There is a library in my hometown that I adore. It really doesn’t look like a library at all though. It’s smooshed (or shmushed, depending on your region) in between a creepy costume shop and a Buddy’s Pizza. This costume shop is creepy enough for me to go to a different library on occasion simply to avoid the radiant creepiness of this small shop, but that’s not important, at least not now. The library is one of those buildings that proclaims its existence on the front, but only allows entrance in the back. I don’t know who’s idea that was, but I find it darn funny. You walk through the unmarked and heavily tinted double doors into a bare and wonderfully earth-tone lobby with two plastic chairs from that era in the 70’s where apparently the awkward plastic chair industry was booming. I so love those chairs and their awkwardness.
The only other thing in this small flash-from-the-past lobby is a giant silver elevator. The silver is almost glaring in its opposition to the uniformity of dulled browns and greens that adorn this little hippie oasis. Even a newcomer would assume that the elevator is the next course of action in this bizarre venture because the chairs don’t seem to hold much promise, and there is nothing else in the room. So you climb (or walk I suppose) into the elevator and observe the one lonely button all by itself, which I still find hilarious. It makes me think of a special agent elevator for some reason. So with deductive reasoning as your guide, you press the one button available and begin ascending slowly upward (that last part was redundant).
Now this poor elevator is like the vertical version of The Little Engine That Could. If you hadn’t seen the outside of the building before you came in and knew that is was only 2 stories high, you’d think you were climbing the highest sky-scraper in the mid-west (hyphen-tastic!). But alas the doors open and the elevator (who I like to call Earl for some reason) lets out a little huff from his exhausting 15-foot journey in hopes that no one else strain his poor gears for at least another 2 hours so he can fully rest. Poor Elevator Earl.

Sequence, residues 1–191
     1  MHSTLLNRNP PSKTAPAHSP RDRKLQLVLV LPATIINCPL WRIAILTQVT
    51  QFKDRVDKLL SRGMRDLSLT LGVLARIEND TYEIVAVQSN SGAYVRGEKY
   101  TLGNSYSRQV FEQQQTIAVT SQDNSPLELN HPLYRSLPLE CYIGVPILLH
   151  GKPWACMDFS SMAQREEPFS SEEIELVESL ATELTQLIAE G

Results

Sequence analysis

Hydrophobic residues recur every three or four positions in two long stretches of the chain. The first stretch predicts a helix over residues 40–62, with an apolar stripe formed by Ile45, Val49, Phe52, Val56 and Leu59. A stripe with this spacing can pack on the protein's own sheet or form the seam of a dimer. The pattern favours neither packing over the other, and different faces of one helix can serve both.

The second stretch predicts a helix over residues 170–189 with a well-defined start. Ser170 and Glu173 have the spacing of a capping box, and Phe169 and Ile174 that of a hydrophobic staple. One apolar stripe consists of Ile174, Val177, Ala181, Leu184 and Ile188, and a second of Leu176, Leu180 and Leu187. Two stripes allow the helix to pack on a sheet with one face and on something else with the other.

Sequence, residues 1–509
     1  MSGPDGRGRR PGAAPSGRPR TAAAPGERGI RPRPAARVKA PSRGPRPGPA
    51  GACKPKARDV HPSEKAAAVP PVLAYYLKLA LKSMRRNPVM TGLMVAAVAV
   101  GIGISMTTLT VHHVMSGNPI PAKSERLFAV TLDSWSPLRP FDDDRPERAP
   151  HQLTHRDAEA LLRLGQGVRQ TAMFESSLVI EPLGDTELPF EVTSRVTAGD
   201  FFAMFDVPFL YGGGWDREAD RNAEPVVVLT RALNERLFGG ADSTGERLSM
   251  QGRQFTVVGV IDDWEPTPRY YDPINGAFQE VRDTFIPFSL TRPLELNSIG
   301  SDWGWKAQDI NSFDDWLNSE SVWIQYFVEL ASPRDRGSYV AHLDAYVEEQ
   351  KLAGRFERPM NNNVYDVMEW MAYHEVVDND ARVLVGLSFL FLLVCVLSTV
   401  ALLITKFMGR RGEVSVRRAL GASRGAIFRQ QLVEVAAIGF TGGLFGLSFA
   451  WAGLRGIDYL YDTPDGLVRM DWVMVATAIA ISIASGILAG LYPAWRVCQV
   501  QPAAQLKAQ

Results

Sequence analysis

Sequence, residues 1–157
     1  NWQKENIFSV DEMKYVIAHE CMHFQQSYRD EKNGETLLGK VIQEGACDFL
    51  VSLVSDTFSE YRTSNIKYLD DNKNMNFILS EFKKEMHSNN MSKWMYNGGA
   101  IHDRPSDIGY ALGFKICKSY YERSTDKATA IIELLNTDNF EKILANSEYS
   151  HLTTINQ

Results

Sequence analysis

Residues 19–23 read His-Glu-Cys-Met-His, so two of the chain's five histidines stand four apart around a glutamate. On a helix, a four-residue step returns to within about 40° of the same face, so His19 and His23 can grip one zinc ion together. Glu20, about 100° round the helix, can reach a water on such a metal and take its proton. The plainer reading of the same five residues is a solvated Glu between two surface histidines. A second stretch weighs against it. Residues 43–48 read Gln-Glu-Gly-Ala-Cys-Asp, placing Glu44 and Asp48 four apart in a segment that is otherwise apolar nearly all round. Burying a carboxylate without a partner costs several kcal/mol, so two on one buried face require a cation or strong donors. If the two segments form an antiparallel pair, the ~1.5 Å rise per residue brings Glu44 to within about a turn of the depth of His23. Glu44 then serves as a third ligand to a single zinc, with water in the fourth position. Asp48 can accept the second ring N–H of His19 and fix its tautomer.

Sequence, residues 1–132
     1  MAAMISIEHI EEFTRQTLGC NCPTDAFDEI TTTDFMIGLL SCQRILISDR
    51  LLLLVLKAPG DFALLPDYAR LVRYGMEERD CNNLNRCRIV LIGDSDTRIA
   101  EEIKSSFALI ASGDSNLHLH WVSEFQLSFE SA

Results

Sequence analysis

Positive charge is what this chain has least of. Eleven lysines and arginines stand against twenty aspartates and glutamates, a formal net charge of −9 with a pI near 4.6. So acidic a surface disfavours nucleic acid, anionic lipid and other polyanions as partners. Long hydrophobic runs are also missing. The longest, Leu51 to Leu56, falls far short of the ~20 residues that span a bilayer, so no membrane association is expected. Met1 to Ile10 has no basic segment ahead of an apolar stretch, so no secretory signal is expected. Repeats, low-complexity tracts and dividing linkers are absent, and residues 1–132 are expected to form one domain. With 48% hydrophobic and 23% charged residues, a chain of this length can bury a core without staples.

Upon first glance this looks like a typical low-budget library. The ambitious interior designer that beautifully orchestrated the lobby below apparently got his big break when asked to also plot out the color scheme for the library as well. Browns, greens, oranges, and what once were yellows dance on your eyes as a literature collide-a-scope of educational delight (ha, ok so that one was a bit wordy). The smell of old pages fills your nostrils. It smells a lot like a thrift store actually. And no matter who is working, the attendant at the front desk is always wearing over-alls, a mother goose shirt, and adorable little librarian glasses. Always. I’ve never so consistently been greeted to the point of thorough enchantment at any other place. It’s like seeing that one aunt who lives relatively far away but will always welcome you with a delightful smile and hug. Only these librarians don’t typically hug, but you get the impression that they would if they weren’t behind that colossal desk, so you let it slide.
There’s a lot of library-esque type of activity going on, whatever that is. You can see little drooling toddlers who are much more concerned with the pictures than the notion of reading, which greatly resembles college in a way. There is always some individual in the corner who was a functioning citizen during the Wright Brothers Flights reading some obscure textbook or romance novel that peaked their interest for some reason. You almost feel as though whatever category of description you yourself fit into is exactly the demographic that is missing to bring balance to this scholastic exhibition. Your seating destination is almost obvious, mainly due to the limited number of chairs, but lets not count out the possibility of that whole balance thing I was just mentioning either. You pull out your trapper keeper (you know you had and loved at least one) and find either the book you were looking for, or the more intriguing one that you saw on the way, and return to your seat (I’m not sure at what point I turned this into a ridiculous narrative, but go with it ok?)
You might get a few pages into it before you notice, but eventually it hits you. It hits you that you can actually hear the turning of pages other than your own. It hits you that the struggled breathing of the retired Ford worker is strangely audible, yet oddly soothing at the same time. It hits you that for some reason the atmosphere in this library is brilliantly different and peaceful. You might look around for a second or two and even apply your detective skills to determine the cause of this wonderful stillness. And over the muffled snickers of preschoolers laughing at the guy that fell asleep, you realize the element that is missing from this scene thus creating such a pleasant atmosphere: computers.